Buffalo Bill ’s
who used to
ride a watersmooth-silver
and break onetwothreefourfive
he was a handsome man
and what i want to
how do you like your blue-eyed boy
— E.E. Cummings
For the conservative movement, Ted Cruz was going to be a savior. The anointed one. His father told us that Ted was “anointed…to bring the spoils of war to the Priests.” The congregation of the New Beginnings Church in Irving, Texas, laid hands on Ted and he was invited to speak in tongues. And the high priests of National Review solemnly said “amen.”
Like Cummings’ Buffalo Bill, Ted would “ride a watersmooth-silver stallion” and break Donald Trump. Because the self-styled conservative movement had pronounced Ted to be an authentic “constitutionalist,” and nothing else mattered.
Not when Cruz alienated an entire state —a large one — as when he accused Trump of representing “New York values.” Some Jews felt not a little uncomfortable with that, as “New York values” was often used as an anti-Semitic dog whistle. This sense of unease was heightened for some of us when Cruz told a New Hampshire audience that for Trump to attack him for taking loans from Goldman Sachs — where Cruz’ wife Heidi works — was “to use a New York term…the height of chutzpah,” apparently exaggerating the guttural “ch” in chutzpah.” As Dana Milbank wrote in the Washington Post, chutzpah “is not a ‘New York’ term. It’s a Yiddish — a Jewish — one.”
Now, many folks use the work “chutzpah” without offending anyone. It’s a convenient term to describe extreme nerviness, and it’s entered into the English language. Like “bagels.” For example, President Obama used “chutzpah” to describe Senate Republicans when they passed a bill to repeal Obamacare knowing he’d veto.
Personally, I think that it was Cruz’s clumsiness in the way he used the term that caused us to pause. A sort of extreme self-consciousness. As if his first draft of the speech had read “to use a Jew-boy term,” and then he changed it when he realized that some might find it offensive. This is an admittedly subjective feeling on my part. Rather like the hilarious Easter dinner scene in Woody Allen’s Annie Hall, where the Woody character is so ill at ease with Annie’s über Wasp family that at one point he imagines himself looking like an ultraorthodox Jew to Annie’s grandmother. Ted Cruz can come across as a very creepy guy.
And neither does Cruz’s utter cluelessness matter to the soi disant movement conservatives. As when he slandered all of the southeastern states:
Donald has done well in the southeastern states.… Now Donald has a harder problem in the west, it’s interesting, his location he does well in the southeast. He does well with a certain demographic of voter.
And what demographic would that be? “Voters who have relatively low information, who are not that engaged, and who are angry.” Cruz blithely writes off the voters in huge swathes of America.
What’s really interesting in this interview, however, is how Cruz manages to highlight an essential difference between him and Donald Trump. Trump had said that he loved “the poorly educated.” Unlike the elitist Cruz, Trump does not think that a person’s level of education is equivalent to his level of information or intelligence.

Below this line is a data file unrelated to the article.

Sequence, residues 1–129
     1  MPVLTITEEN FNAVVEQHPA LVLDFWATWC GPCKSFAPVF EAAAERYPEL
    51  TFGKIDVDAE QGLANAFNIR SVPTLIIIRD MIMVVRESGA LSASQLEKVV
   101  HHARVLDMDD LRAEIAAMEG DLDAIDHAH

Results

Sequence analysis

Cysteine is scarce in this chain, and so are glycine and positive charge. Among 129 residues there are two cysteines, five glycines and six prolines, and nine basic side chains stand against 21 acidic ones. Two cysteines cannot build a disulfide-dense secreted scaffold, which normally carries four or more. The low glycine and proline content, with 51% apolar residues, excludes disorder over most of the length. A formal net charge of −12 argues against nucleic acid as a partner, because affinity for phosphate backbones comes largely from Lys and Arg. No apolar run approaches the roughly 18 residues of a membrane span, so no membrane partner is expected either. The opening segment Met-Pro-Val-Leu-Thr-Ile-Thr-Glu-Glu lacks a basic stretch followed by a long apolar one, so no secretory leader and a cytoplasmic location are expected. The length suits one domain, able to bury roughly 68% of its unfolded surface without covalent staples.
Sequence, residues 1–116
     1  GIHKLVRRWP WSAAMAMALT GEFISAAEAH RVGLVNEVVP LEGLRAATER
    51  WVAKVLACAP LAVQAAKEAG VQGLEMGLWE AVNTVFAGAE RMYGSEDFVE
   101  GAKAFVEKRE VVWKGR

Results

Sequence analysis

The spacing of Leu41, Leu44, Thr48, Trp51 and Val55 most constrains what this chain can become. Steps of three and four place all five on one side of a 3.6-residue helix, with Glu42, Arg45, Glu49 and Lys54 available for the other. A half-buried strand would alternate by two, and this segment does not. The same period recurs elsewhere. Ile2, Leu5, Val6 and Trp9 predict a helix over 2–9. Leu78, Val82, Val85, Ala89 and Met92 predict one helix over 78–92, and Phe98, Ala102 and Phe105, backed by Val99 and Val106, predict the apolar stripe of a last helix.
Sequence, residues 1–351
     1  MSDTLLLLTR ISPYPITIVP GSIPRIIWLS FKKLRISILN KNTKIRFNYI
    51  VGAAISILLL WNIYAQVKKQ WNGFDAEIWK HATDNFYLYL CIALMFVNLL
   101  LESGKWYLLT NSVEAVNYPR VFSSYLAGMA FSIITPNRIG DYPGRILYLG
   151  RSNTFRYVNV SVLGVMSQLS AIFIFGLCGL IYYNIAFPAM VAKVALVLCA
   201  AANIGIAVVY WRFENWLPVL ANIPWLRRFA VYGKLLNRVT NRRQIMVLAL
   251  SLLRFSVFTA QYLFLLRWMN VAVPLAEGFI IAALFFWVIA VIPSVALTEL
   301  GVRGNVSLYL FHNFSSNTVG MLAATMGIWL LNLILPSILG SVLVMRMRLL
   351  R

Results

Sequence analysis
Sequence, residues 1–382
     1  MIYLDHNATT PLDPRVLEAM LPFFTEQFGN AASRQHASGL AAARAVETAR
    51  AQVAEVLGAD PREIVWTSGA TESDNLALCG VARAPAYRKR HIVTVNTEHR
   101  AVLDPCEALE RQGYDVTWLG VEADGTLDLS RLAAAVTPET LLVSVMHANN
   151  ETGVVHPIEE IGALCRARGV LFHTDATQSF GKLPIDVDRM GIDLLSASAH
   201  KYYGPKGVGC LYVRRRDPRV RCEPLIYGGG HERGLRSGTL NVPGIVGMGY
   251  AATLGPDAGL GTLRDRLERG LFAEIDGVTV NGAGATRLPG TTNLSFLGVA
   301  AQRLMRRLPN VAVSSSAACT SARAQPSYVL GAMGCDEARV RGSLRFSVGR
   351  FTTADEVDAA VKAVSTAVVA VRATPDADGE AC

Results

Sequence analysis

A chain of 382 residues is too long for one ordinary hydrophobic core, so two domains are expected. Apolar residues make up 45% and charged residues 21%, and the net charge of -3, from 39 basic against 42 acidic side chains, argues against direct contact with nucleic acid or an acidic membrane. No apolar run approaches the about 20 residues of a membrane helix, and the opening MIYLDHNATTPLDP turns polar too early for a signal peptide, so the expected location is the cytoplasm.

What Trump said about “the poorly educated” indicates his belief that these qualities don’t correlate with one’s level of education. Trump knows that an Ivy League education doesn’t confer intelligence, and Ted Cruz is evidence of that fact. Just as in Cummings’ poem, where the invocation of Jesus serves to highlight Buffalo Bill’s arrogance, Ted Cruz betrays his false religiosity by his lack of humility.
And now Ted Cruz has cemented his relationship with Mr. Death by being one of the first to blame Trump for the University of Illinois-Chicago riots that deprived him of his First Amendment right to free speech. (Surprisingly, Cruz was followed by Marco Rubio and John Kasich.) So much for Cruz’s constitutional principles. He has allied himself with the likes of the Black Lives Matter movement, the Communist Party, and Bill Ayers, the terrorist who helped Barack Obama get started in politics.
And at NRO, the magazine that fired Mark Steyn because he wrote somewhat harshly, but truthfully, about the Islamic terrorist groups that want to annihilate us, we have Kevin Williamson, a Defender of the Faith, advocating a final solution to the bothersome American Middle Class that supports Donald Trump:
The truth about these dysfunctional, downscale communities is that they deserve to die. Economically, they are negative assets. Morally, they are indefensible.… The white American underclass is in thrall to a vicious, selfish culture whose main products are misery and used heroin needles.
Got that folks? The very people who made America possible, the bedrock of our culture that told the world that if only you were willing to work hard, you could make it in America. And if not you, then you could provide your children with a leg up the social ladder. These people “deserve to die.”
Sadly, the conservative movement, in its histrionic, narcissistic pique — engendered by the realization that it no longer has a following — has completed the circle. The ideological right that filters reality through an artificial prism it calls “conservative principles” has become intertwined with the psychotic left, and the two untenable extremes are locked into a dance of death. And this is why Ted Cruz can never become president of the United States. He’s defunct. Mr. Death doesn’t have enough of a following in our country. Even after seven years of the Obama administration, this kind of nihilism has not gained a sufficient foothold to elect Ted Cruz.
Notice to Readers: The American Spectator and Spectator World are marks used by independent publishing companies that are not affiliated in any way. If you are looking for The Spectator World please click on the following link: https://thespectator.com/world.